In response to the new Facebook guidelines I hereby declare that my copyright is attached to all of my personal details, illustrations, comics, paintings, professional photos and videos, etc. (as a result of the Berner Convention)...
If you were on Facebook at all a few weeks ago, you undoubtedly noticed some of your friends (maybe you yourself) posting the above paragraph and its accompanying legalese as a status update. This declaration was eventually widely dismissed as hogwash, but I wonder what it means that so many of us bought into the jist of it. I wonder what we felt we needed to protect ourselves from. Has anybody reading this had the stuff they posted on Facebook stolen and reproduced without their consent? Did the thieves profit from their heist of some unsuspecting Facebooker's status, profile pictures, funny comments?
It reminds me a little of the hysteria over sexting. "If you send someone a nude picture of yourself," people warn, "that could exist on the internet forever and you would be ruined." Yeah, maybe. But have you looked for naked people on the internet lately? There are quite a few to choose from! The chance that someone will stumble upon a naked picture of you ten years from now on an internet search is highly unlikely (this is not to say that I participate in or advocate sexting, mind you, I can't even figure out how to get voicemail on my phone, much less my own dink). Both the Facebook copyright kerfuffle and fear of being undone by a random snapshot of your goods become so important to everybody because I think, deep down, we all think we're going to be famous one day. Our Facebook posts and scandalous pictures will haunt us as we lunch at The Ivy and traipse down the red carpet, on the fanciest of high heels.
Dream: Never be famous one day.
Goal: Completely and utterly achievable. I am not a delusional person. I know rationally that I will never be on the cover of a magazine, appear on a late night talk show, have my own fragrance, or host Saturday Night Live with musical guest James Taylor. The fantasy of these possibilities is endlessly entertaining, of course. I replay particular scenarios of unbelievable fame when I'm on a crosstown bus or trying to fall asleep. Maybe if I'm especially lucky, I might hope for recognition akin to one of the Witty Davids (Sedaris, Rakoff, Foster Wallace), but I lack their sublime prose and access to Ira Glass.
Plan: See fame for what it truly is in an effort to stop coveting it in weaker moments.
Fame as a concept is so fascinating to me. I've heard it theorized that our interest in the lives of famous people in inherently biological. Angelina Jolie and Brad Pitt represent the most attractive, dominant, and virile of the species, for instance, so their behaviour is of intense interest to the rest of us. That makes sense to me, but doesn't explain the schadenfreude we feel when our favourite stars fall from grace. And if we truly prized the famous for their superior ability, wouldn't TMZ be following Yo Yo Ma around instead of Lindsay Lohan? I might actually prefer such a program.
I think the appeal of being famous is that it's validation on a grand scale. Total strangers think you're awesome, what could be wrong with that? I think part of us all secretly yearn to influence people, want others to like the things we like. But I wonder if that validation, approval from an unknowable public, becomes addictive? Maybe if you become a little bit famous, the edges wear off your opinions, the art you produce becomes blander, all in an effort to get more people to like you. That could certainly become a trap. I wonder if Tyler Perry, in his ever-widening sphere of influence, yearns to tell a more substantial story about being black in America. I wonder if he'll ever make a movie about being gay (not that he's come out or anything, I just wouldn't be surprised). Or if he'll just continue to retread familiar paths with his extremely popular Madea movies. I wonder if Jennifer Aniston wants to play the best friend or damaged sister in a dark indie, but doesn't dare take a supporting role or be cast in an unflattering light when she can continue to make a bajillion dollars on boring romantic comedies.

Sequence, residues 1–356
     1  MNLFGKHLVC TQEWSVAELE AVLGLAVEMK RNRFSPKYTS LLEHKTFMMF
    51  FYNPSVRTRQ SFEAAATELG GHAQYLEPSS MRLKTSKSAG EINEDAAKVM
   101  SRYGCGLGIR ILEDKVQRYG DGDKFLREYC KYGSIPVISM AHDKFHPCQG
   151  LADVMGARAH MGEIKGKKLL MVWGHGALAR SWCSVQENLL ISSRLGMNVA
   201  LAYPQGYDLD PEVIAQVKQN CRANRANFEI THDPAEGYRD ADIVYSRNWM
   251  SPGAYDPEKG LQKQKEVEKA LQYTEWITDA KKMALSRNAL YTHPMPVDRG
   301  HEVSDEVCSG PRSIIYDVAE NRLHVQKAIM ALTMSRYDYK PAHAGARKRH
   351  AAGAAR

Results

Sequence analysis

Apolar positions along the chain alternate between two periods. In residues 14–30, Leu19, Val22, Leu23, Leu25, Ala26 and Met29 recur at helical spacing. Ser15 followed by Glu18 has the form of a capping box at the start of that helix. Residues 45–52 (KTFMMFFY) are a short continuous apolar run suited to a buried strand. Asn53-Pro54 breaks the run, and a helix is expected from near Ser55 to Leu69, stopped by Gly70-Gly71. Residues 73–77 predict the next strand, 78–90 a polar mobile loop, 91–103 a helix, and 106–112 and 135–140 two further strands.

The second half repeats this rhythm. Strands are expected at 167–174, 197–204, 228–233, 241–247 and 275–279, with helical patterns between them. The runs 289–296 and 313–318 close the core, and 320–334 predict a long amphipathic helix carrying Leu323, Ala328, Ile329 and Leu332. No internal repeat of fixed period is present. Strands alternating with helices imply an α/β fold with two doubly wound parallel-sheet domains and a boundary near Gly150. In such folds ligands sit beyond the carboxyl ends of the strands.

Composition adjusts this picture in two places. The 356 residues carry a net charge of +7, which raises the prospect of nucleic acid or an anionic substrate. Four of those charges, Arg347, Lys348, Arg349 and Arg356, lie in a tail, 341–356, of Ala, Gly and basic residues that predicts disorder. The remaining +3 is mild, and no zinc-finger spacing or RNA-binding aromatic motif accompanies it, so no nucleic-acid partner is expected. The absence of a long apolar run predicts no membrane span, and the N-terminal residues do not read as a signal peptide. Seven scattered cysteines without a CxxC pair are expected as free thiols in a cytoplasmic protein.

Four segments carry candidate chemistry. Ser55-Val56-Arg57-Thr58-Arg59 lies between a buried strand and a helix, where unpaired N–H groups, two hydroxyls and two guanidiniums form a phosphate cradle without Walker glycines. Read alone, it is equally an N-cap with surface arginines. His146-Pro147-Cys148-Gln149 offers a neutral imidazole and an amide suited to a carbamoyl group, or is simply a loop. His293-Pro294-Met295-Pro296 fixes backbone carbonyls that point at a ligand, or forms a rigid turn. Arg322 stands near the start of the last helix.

The invasion of privacy must be crazy, too. I know celebrities court publicity to an extent, in order to promote their tv show or movie or whatever, but does that mean we need to see them picking their kids up at school? I read that George Clooney sued a tabloid because while he was hosting friends of his at a house in Italy, the 13 year old daughter of these friends was photographed while changing clothes in a spare bedroom. There was a paparazzo in a tree outside her window. How sick is that? I feel terrible for everyone in that story, from the poor girl, to George Clooney, to the photographer hiding in a tree who is so soulless that he'd snap pictures of an underage girl for money.
I'm not saying poor famous people. I'm sure they're comforted by the obscene amounts of money they have lying around. But I do wonder why we think it's so great. Why part of us thinks, "If I were famous, I wouldn't have any problems." But famous people still get stomach flu, for instance. Still say the wrong thing to their partner and end up apologizing over breakfast. Famous people make the millions of mistakes we make every day, only they're held more accountable for them.
I hope I know someone now who will become famous one day. I hope I know them well enough that my friendship will them will not seem like blatant star-fuckery as they ascend into stardom. I'd love insight into what that world is like beyond puff pieces in magazines and lies on the internet. But I worry I'd find out that fame is as fake as a Botox-ed forehead, and that the red carpet is stained with the blood of a thousand eager dreamers, crushed beneath too many fancy high heels.